Archives for October 2013
Three years ago I was forced into a life changing decision. My type 1 diabetic, 11 year old son, was ready for a “normal” overnight camp experience.
Gulp! Who will give him the same care as the diabetes camps? How can I be certain that someone will make sure his insulin and sugar needs are met?
After talking with several overnight camps I followed my motherly instincts and chose the camp that seemed best equipped. When the director asked me how independent he is with his diabetes, it was difficult for me to answer. On the one hand, I wanted to assure the director that my son was ready to be on his own but on the other hand, I wanted him to take his illness seriously. So I cautiously told him how capable my precious boy was and pleaded with he and the nurses to take good care.
So with a wing and a prayer he was off on his 4 week overnight camp experience. I stayed strong for him but behind the scenes I was the mom hitting the “refresh” button on the camp photo page and checking my email for the nurse’s updates. In the photos, I saw a smiling, happy child waterskiing for the first time, jumping high in the air for tramp ball and leading his camp friends through an intracamp tournament.
Two summers later I can look back and realize that my son’s independence could never have happened without the gift of sleep away camp. His 11 year old person was ready to cut the chord and discover who he was beyond a diabetic kid. I had been looking at him first as a blood sugar number, wondering how to take control so he could have a “normal” life. My son took control of his disease that summer and the following summer he owned it completely. I spoke with the nurses once before he left for camp and he did the rest on his own.
As a now 14 year old boy, we have reached a new “normal” in our home. When I now look at him, I first see a responsible, happy, mature person who has found a good place as a diabetic in a non-diabetic world.
Although most kids do not have type 1 diabetes, many of them are working through challenges that they can benefit from the gift of the right overnight camp. The gift is also to us parents as we watch them explore into the best they can be.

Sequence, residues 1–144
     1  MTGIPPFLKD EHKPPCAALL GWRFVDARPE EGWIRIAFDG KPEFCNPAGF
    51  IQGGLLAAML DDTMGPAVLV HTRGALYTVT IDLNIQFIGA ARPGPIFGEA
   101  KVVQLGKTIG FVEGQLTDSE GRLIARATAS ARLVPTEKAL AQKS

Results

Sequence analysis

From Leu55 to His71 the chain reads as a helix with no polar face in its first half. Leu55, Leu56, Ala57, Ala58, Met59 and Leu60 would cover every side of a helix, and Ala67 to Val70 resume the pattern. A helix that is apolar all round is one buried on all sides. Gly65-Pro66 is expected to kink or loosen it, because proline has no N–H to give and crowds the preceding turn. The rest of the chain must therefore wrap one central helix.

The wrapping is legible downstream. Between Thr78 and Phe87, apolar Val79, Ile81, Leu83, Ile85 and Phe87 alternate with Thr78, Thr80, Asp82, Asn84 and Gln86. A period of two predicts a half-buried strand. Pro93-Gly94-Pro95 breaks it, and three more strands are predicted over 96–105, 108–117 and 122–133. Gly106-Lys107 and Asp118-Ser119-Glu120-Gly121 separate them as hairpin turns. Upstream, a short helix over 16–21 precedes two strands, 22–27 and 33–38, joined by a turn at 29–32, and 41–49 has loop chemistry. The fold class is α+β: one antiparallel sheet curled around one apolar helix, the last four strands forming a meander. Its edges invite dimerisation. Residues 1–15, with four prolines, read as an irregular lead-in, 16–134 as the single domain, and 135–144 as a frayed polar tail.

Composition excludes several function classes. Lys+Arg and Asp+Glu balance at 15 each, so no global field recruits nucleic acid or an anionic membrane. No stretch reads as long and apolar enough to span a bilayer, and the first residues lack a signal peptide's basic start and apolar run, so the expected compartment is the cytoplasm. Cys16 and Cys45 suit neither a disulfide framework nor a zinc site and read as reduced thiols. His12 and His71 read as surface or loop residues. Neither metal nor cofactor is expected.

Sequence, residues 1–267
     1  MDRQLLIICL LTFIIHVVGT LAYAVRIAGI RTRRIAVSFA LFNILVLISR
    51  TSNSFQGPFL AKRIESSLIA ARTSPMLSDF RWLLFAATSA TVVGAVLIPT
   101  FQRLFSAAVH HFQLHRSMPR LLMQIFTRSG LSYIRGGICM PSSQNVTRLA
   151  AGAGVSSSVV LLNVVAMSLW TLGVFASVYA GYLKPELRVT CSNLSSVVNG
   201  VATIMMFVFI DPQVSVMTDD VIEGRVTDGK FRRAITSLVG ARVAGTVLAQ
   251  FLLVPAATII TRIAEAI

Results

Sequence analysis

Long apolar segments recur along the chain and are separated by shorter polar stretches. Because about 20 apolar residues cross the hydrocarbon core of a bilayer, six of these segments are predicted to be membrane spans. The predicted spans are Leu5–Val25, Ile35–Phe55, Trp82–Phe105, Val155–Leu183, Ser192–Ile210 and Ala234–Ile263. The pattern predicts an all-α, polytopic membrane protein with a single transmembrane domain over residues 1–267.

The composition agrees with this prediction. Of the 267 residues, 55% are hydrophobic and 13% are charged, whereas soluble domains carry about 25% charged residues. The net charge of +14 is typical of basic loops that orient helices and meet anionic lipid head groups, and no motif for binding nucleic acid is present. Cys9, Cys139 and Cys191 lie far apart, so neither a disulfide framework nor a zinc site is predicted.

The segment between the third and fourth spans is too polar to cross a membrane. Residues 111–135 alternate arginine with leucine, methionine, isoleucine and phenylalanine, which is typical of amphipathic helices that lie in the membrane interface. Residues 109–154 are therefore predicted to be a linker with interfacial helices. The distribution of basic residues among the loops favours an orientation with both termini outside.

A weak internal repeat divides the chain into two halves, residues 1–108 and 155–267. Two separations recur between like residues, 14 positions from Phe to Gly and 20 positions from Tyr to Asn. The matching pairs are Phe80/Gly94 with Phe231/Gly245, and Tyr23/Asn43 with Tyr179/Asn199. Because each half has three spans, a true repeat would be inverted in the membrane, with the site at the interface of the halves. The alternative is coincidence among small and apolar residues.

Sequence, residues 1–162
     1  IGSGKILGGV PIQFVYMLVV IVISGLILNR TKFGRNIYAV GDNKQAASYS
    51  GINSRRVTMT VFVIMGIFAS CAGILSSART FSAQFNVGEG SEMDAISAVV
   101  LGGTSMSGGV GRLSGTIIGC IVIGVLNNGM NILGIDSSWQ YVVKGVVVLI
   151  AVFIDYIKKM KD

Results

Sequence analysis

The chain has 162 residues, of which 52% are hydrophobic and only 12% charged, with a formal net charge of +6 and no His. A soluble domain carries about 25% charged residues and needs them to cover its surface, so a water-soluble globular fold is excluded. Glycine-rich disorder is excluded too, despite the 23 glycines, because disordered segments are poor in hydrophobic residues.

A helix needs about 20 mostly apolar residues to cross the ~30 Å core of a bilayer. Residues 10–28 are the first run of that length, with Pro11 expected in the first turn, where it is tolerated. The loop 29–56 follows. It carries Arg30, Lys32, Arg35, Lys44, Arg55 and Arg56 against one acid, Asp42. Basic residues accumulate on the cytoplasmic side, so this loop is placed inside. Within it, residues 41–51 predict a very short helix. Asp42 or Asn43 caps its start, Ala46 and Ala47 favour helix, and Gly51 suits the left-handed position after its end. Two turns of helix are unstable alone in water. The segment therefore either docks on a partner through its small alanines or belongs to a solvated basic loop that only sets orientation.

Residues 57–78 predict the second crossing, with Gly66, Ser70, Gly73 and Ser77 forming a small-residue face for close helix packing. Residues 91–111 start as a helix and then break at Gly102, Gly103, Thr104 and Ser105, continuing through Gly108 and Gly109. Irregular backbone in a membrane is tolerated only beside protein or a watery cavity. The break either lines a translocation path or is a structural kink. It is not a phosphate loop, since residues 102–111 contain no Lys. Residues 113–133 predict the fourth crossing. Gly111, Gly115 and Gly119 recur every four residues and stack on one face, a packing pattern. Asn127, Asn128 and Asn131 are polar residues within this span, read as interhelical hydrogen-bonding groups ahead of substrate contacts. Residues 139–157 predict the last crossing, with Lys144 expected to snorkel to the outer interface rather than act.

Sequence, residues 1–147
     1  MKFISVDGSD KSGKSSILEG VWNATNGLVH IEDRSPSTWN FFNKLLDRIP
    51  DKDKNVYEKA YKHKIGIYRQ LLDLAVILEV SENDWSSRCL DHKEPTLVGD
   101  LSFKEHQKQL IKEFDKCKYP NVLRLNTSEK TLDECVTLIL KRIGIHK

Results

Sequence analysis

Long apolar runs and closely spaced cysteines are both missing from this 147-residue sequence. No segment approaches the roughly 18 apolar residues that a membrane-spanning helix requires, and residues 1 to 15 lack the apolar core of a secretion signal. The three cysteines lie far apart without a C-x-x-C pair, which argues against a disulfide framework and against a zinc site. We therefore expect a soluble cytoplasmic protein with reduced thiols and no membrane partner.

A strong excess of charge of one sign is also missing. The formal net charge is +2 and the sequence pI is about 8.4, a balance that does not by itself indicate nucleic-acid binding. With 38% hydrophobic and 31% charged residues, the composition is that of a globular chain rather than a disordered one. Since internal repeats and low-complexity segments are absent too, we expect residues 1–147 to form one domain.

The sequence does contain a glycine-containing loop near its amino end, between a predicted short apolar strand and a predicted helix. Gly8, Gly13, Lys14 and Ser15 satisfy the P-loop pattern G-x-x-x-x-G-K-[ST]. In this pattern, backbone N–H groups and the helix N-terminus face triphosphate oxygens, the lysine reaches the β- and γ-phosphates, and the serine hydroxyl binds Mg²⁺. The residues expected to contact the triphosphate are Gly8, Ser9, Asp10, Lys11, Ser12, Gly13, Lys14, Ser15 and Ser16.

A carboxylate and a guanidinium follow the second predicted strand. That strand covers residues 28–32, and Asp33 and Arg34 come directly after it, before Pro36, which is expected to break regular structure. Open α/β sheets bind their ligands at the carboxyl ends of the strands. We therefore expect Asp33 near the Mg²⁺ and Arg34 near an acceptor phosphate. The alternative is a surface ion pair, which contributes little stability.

I have a confession. Sometimes I go out to my garage just to take in the wood smells. You might find this strange but the comfort it evokes is incomparable.
The wood in my garage smells identically to my overnight camp art barn. This is where I first learned to solder jewelry, bake copper enamel jewelry, and silk screen a t-shirt. It’s where I learned as a young teenager, about my passion for the arts.
The opportunities for art classes at a performing arts camp stretched way beyond what I viewed was “forced” in school. It opened my eyes to a new kind of freedom of expression.
Overnight camp helped me through those confusing teenage years. I didn’t feel pigeonholed into the person I thought to be when I was home. It gave me permission to reinvent myself. I watched others do the same. I listened to a friend sing a song she had written. I watched another friend recite a monologue from a short play she had created. I shared in creating a life size human paper mache with other friends. Not only did it help me discover who I was by getting out of my comfort zone, it guided me towards my future.
Several years after camp, I returned as a camp counselor and had the honor of taking charge of that very same art barn that I loved. This was the summer after my first year at college as an art major. I was able to pass on that enthusiasm to a new generation of campers.
So, as strange as it may seem that one would enjoy the smell of their garage, it takes me to a place of discovery in my mind. It reminds me of a path that brought me to who I am today.